You know what’s great? Brunch. You know what’s better? Yeah, us neither. That’s why we asked the experts -- 14 top SF chefs -- about where they get their eggs Benny come Saturday and Sunday morning... or, you know, where they would go if they weren’t making brunch themselves.
Chef Michael Mina of Mina Group
His picks: Park Tavern (address and info), Zuni Café (address and info), Foreign Cinema (address and info)
North Beach, Hayes Valley, Mission
If you ever had a doubt that Chef Michael Mina (whose name is practically synonymous with delicious at this point) would be a great dining partner, his choice orders at his favorite brunch spots should clear up any confusion: the “killer” Marlowe burger at Park Tavern, “one of the best Caesar salads in the city” at Zuni Café, or the house-made Pop-Tarts at Foreign Cinema. Um, yes. We’ll have what he’s having. Of course, all this goes out the window if the 49ers are playing a home game. Again, Chef Mina with the winning-at-life moves!
Chef Chris Jones of Gaspar Brasserie
The Francophile chef behind the FiDi’s swanky Gaspar Brasserie is all about Bar Tartine’s ever-changing three-course fixed brunch menu because each course includes individually plated components that allow you to taste “lots of interesting bites and flavor combinations.” At $35 a person, it’s a pretty good deal too, especially since making any decisions should really wait until Monday anyway.
Chef Thomas McNaughton of Ne Timeas Restaurant Group
If the chef behind some of the best restaurants in the city ever gets a Sunday morning off from slinging delicious brunch burgers at Central Kitchen, he’ll be on Bar Agricole’s sunny back patio washing down the “simple but good food” with Thad Vogler’s amazing cocktails. As McNaughton says, “brunch is more about the booze anyway.” Couldn’t agree more, chef.
Chef Terje is a fan of the low-key and relaxing weekend vibe at this corner bakery, which features delectable, traditional pastries from Vienna, Budapest, and Prague. He even calls pastry chef/owner Michelle Polzine “one of the most thoughtful pastry chefs in SF” -- high praise coming from the chef who’s worked at some of California’s finest Italian restaurants for more than three decades. Chef Terje’s must-orders: the Reuben sandwich, which comes with handmade sauerkraut, the honey cake, and chocolate chip cookies.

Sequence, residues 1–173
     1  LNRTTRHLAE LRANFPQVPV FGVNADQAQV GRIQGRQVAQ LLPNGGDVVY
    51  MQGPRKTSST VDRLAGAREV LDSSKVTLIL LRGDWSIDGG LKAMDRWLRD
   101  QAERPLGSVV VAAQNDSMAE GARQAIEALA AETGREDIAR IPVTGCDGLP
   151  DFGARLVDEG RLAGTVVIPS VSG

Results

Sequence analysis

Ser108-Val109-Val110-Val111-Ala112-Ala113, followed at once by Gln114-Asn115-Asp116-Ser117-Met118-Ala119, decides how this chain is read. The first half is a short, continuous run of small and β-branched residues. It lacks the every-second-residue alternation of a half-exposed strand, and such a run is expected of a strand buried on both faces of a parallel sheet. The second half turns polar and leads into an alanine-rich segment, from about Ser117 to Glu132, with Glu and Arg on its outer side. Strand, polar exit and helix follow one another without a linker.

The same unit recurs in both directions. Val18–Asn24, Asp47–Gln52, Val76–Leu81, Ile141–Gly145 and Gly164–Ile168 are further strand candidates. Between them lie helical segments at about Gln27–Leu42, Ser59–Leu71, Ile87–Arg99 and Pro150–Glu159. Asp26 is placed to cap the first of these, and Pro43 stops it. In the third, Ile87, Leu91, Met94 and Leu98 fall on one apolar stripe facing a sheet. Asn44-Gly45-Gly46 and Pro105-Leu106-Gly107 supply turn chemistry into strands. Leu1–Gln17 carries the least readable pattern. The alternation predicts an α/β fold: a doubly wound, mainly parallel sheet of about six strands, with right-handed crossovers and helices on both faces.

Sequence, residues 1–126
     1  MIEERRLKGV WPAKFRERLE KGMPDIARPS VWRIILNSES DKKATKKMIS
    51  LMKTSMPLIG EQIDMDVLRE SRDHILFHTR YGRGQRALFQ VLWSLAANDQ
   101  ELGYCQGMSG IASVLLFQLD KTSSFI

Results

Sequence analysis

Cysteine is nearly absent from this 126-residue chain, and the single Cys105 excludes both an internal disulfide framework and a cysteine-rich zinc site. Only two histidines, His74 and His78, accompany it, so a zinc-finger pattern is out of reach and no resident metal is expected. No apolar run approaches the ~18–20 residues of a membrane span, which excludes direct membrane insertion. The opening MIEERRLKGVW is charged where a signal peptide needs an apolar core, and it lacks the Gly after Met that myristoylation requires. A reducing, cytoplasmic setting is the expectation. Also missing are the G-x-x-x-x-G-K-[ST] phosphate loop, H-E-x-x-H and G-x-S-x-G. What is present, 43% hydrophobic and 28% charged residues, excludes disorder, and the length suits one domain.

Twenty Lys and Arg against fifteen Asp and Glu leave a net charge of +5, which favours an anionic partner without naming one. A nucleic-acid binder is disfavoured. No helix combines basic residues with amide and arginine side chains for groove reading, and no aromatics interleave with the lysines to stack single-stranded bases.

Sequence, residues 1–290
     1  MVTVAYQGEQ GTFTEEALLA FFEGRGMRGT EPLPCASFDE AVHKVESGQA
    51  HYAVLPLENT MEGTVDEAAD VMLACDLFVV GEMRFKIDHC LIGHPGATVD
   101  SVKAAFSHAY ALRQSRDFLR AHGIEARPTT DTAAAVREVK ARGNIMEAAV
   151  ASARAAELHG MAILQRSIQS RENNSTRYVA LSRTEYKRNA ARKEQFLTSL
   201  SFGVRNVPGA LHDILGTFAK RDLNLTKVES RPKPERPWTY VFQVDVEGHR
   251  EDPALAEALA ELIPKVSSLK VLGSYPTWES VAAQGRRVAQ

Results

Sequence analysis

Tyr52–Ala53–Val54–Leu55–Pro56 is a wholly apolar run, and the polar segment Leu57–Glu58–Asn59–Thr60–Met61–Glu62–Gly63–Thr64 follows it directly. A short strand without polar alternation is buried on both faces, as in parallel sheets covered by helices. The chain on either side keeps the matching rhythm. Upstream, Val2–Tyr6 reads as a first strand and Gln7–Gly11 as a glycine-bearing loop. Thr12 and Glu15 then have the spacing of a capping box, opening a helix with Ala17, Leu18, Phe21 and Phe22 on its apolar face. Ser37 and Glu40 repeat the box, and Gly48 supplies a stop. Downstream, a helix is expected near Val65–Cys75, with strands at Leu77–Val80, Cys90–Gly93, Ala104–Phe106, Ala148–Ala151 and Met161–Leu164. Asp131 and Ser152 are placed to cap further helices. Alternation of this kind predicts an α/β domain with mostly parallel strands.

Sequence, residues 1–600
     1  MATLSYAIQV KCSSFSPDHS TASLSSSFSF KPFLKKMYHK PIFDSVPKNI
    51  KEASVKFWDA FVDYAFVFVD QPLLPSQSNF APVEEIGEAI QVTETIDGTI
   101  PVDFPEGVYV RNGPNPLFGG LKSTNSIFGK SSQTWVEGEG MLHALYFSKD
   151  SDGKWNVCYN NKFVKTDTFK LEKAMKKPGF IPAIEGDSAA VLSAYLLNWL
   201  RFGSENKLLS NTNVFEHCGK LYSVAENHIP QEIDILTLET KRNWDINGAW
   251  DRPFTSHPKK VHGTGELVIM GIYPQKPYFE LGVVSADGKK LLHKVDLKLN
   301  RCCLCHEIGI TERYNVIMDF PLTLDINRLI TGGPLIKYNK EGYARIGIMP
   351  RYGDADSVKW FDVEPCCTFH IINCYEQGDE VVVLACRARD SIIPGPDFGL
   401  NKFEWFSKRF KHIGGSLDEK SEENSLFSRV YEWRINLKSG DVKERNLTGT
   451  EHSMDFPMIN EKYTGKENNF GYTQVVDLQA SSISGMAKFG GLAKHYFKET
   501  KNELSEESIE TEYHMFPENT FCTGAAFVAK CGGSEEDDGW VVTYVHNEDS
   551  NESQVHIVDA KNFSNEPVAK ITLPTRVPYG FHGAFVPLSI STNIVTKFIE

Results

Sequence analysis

Chef Gayle Pirie of Foreign Cinema
As the chef behind one of the city’s most beloved restaurants, Gayle Pirie knows good food. So when she suggests Hong Kong East Ocean for its SF skyline views, turnip cakes, sticky rice in lotus leaves, shrimp dumplings, and vegetarian goose even though it's very cheatingly not in SF (it's in Emeryville!), we’re WAY more likely to get on BART.
Chef Ron Pei of Chino
If he’s not grabbing a quick cup of coffee and Russian dumplings at Inner Richmond’s Cinderella Bakery, the Chino chef is hitting up one of his work neighbors: ABV because it has “hands down one of best brunch menus in town.” We have a feeling the kimchee fritters, pimento cheeseburger, and fry pies have something to do with it.
Chef Roman Petry of Roka Akor
His picks: Pho Tan Hoa (address and info), Zuni Café (address and info)
If you really want to eat like a chef, you might have to skip brunch altogether and instead turn to pho because, according to Chef Petry, no chef can resist a good noodle soup. That really shouldn’t be a problem since pho is delicious any time of day. The industry hang? The Tenderloin’s Pho Tan Hoa, which Chef Petry calls the best in the US. As for traditional brunch, the only restaurant that can lure this chef on his off days is San Francisco institution and landmark Zuni Café.
Chef Jeff Banker of Bluestem Brasserie
Yet another dim sum recommendation comes from the new chef at Bluestem Brasserie, who hits up Koi Palace’s sister restaurant Dragon Beaux for the “creative” carts of chef-loving goodness.
Chef Ryan Pollnow of Aatxe
After a busy night at Aatxe or a late night with friends, Chef Pollnow is recuperating over a dim sum feast at this Richmond classic. It’s his hangover meal of choice because you don’t have to choose from a menu, but rather only “decide when to tap out.” Smart man.
Chef Jason Halverson of Hi Neighbor Restaurant Group
His picks: Koi Palace (address and info), Monsieur Benjamin (address and info)
Chef Halverson is also on the dim sum train but his spot of choice is Koi Palace for “one of the best daikon cakes in the Bay Area” and baked pork buns. If he sleeps in too late (Koi’s wait can be around an hour after 10am), Halverson is hitting up the raw bar and glazed ham at Hayes Valley newcomer Monsieur Benjamin.
Chef Kris Toliao of Cassava
His picks: Marla Bakery (address and info), Namu Gaji (address and info)